California's farm labor contractors and growers said they struggle to find enough workers for the summer harvests because tougher border enforcement and competition from the booming construction industry and other sectors are shrinking agriculture's primary workforce: undocumented Mexican immigrants.

This natural flow from South to North, besides the obvious danger of terrorist infiltration, creates an immense burden on our infrastructure. From the Houston Chronicle:
You don't need to make a trip to the Texas-Mexico border to realize the failure of our nation's immigration policy — you need only make a journey to Ben Taub Hospital or the Harris County Jail. From either place you can witness firsthand the total and abject failure of a federal policy that wastes billions of dollars in an attempt to protect our borders and drives up local property taxes to the point of near revolt by homeowners across Texas.

We are being overwhelmed by the flow of illegal immigrants, with no evidence that we can stop it.

We can bemoan the failure of our federal government or we can become engaged at the state and local level to discourage the flow of illegals. I'm tired of waiting on the federal government and fearful that any new policy on illegal immigration will only be a repeat of the 1986 act that granted amnesty to hundreds of thousands of illegal immigrants.

Some are attempting to restrict the uncontrolled flow northward. In an official capacity, we have this from the Albuquerque Journal:
Gov. Bill Richardson declared a state of emergency along New Mexico's 180-mile border with Mexico on Friday, pledging $1.75 million to beef up law enforcement and tackle increasing crime.

"Recent developments have convinced me this action is necessary— including violence directed at law enforcement, damage to property and livestock, increased evidence of drug smuggling, and an increase in the number of undocumented immigrants," Richardson said in a prepared statement.

Others are trying to assist in the control effort in an unofficial capacity. From the Corpus Christi Caller-Times:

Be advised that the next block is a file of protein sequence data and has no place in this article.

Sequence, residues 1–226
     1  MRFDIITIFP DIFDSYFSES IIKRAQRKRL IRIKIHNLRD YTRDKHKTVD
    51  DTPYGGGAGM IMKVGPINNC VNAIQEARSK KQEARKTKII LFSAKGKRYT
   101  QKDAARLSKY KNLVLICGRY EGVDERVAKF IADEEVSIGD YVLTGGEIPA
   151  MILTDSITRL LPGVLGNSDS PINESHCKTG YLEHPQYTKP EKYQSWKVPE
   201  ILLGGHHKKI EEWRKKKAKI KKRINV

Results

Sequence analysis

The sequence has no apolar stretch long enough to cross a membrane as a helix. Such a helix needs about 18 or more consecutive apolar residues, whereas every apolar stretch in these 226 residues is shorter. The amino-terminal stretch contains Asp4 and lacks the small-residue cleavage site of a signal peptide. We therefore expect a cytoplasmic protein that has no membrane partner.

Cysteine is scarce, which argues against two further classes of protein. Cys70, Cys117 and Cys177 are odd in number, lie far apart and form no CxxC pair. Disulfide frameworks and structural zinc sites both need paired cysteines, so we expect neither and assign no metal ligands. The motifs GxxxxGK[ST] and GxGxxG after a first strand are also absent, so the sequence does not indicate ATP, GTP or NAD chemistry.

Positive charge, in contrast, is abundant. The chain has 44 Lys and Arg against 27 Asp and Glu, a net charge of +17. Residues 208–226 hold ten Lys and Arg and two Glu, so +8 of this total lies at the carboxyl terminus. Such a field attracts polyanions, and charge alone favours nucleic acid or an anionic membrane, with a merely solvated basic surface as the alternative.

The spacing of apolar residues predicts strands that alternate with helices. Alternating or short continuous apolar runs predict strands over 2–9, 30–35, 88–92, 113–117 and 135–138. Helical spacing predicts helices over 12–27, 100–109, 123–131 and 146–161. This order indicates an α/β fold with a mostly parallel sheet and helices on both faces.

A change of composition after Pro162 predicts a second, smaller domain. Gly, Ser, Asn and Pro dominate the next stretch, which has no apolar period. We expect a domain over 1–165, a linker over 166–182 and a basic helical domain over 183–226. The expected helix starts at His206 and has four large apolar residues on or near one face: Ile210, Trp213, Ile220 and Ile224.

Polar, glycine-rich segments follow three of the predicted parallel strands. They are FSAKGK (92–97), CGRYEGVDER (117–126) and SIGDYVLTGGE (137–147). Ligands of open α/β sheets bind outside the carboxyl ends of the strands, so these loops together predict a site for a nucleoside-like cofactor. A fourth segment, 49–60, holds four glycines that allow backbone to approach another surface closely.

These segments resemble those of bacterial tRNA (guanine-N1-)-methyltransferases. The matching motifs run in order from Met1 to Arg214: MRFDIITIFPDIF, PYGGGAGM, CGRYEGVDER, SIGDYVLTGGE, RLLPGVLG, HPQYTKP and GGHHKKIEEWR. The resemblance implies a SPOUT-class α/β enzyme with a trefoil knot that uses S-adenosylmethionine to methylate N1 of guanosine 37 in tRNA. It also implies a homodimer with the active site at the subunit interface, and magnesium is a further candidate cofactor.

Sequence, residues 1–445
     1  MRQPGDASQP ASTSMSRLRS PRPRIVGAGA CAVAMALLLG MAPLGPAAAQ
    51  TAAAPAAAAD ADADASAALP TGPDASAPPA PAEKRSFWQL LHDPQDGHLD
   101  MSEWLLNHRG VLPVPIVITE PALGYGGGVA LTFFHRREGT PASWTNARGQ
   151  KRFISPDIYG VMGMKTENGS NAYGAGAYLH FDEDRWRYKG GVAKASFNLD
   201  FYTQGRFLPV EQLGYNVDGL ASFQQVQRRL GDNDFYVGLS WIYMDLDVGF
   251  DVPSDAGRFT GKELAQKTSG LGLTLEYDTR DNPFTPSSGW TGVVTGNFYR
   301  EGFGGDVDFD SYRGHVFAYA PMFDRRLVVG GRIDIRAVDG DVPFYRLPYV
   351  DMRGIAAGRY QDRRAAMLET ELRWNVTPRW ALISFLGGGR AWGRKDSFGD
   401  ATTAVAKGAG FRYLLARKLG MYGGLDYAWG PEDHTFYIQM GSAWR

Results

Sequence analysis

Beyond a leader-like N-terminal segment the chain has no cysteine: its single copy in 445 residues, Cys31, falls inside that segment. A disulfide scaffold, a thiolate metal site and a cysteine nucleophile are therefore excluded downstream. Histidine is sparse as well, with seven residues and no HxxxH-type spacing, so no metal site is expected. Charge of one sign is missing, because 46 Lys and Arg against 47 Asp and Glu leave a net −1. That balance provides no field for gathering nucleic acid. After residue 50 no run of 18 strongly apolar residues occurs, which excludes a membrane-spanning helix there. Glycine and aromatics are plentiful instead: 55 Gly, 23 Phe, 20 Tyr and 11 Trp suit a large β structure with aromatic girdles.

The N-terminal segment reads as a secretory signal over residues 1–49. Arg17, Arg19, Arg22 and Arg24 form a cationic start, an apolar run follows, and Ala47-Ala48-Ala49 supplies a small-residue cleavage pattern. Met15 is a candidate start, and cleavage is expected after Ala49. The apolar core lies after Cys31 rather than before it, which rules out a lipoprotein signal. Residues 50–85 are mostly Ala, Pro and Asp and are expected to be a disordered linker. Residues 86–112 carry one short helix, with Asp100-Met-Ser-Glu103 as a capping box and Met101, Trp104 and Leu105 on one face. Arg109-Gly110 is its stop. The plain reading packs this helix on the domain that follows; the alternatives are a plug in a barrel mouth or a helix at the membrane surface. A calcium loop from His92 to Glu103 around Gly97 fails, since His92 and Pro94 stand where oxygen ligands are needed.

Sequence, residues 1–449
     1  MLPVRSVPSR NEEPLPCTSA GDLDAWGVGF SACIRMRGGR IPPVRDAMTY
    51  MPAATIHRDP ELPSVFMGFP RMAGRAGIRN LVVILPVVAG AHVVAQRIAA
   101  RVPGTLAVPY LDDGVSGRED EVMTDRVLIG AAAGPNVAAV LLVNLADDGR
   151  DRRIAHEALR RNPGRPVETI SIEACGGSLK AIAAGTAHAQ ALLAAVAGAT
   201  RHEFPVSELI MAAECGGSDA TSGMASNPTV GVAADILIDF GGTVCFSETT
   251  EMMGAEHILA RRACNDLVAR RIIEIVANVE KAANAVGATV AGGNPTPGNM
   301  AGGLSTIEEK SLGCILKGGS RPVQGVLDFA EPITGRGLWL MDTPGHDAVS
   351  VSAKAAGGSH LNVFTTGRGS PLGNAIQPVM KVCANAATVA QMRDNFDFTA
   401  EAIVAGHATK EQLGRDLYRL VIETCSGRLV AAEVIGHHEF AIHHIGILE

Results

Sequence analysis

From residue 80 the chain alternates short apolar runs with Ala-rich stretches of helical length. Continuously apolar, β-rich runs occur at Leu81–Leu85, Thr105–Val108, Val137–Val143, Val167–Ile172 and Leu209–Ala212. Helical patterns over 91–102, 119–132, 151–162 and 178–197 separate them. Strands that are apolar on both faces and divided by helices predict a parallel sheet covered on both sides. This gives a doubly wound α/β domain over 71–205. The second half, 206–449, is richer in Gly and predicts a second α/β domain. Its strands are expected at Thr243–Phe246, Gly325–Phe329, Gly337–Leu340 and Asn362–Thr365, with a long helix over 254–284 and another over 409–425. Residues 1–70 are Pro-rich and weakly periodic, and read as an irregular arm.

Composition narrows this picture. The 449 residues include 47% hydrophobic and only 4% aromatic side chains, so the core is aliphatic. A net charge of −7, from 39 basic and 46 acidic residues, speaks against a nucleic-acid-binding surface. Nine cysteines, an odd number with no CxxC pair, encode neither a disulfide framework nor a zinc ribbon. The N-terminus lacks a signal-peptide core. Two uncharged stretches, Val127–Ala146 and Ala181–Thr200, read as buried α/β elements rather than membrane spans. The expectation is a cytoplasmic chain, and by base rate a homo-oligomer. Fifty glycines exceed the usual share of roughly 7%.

HOUSTON- The organizer of a volunteer group that has taken up the cause of combatting illegal immigration brought his recruiting efforts to Houston on Sunday, comparing the group's border surveillance to that of a neighborhood watch.
Minuteman Civil Defense Corp. President Chris Simcox, who trained about 30 volunteers in Houston late Sunday, said he's looking for people willing to set up a lawn chair, use a pair of binoculars and program Border Patrol's number into their cell phones.

"We are the nation's largest neighborhood watch program," Simcox said outside a Houston airport hangar where his members privately trained new volunteers. "We sit in lawn chairs and we observe. And when we spot illegal activity, we report that to the proper authorities."

The group is planning to patrol Texas' border with Mexico in October, repeating an action it took along Arizona's border in April.

Whether the final solution resides in military, non-military governmental agencies, or ad hoc civilian volunteer groups, or a combination of these, control of the flow across the border is essential. The possible alternatives are not good:

The technician opened his case and took a wire that ran from the back of the truck along the floorboards. He plugged it into a jack in the simple switching device in the case. He looked at the driver and smiled. The driver smiled back. They both began to recite a prayer in Arabic while looking over the San Diego harbor. At some point in the prayer, without really thinking about it, the technician threw the switch. In the next instant, at the intersection of North Harbor Drive and West Broadway in San Diego, California on a warm August morning, a miniature version of the Sun appeared on the surface of the Earth.

Separation of economic immigrants from terrorist infiltrators is not possible with complete control of who crosses the borders.

What are YOU going to do?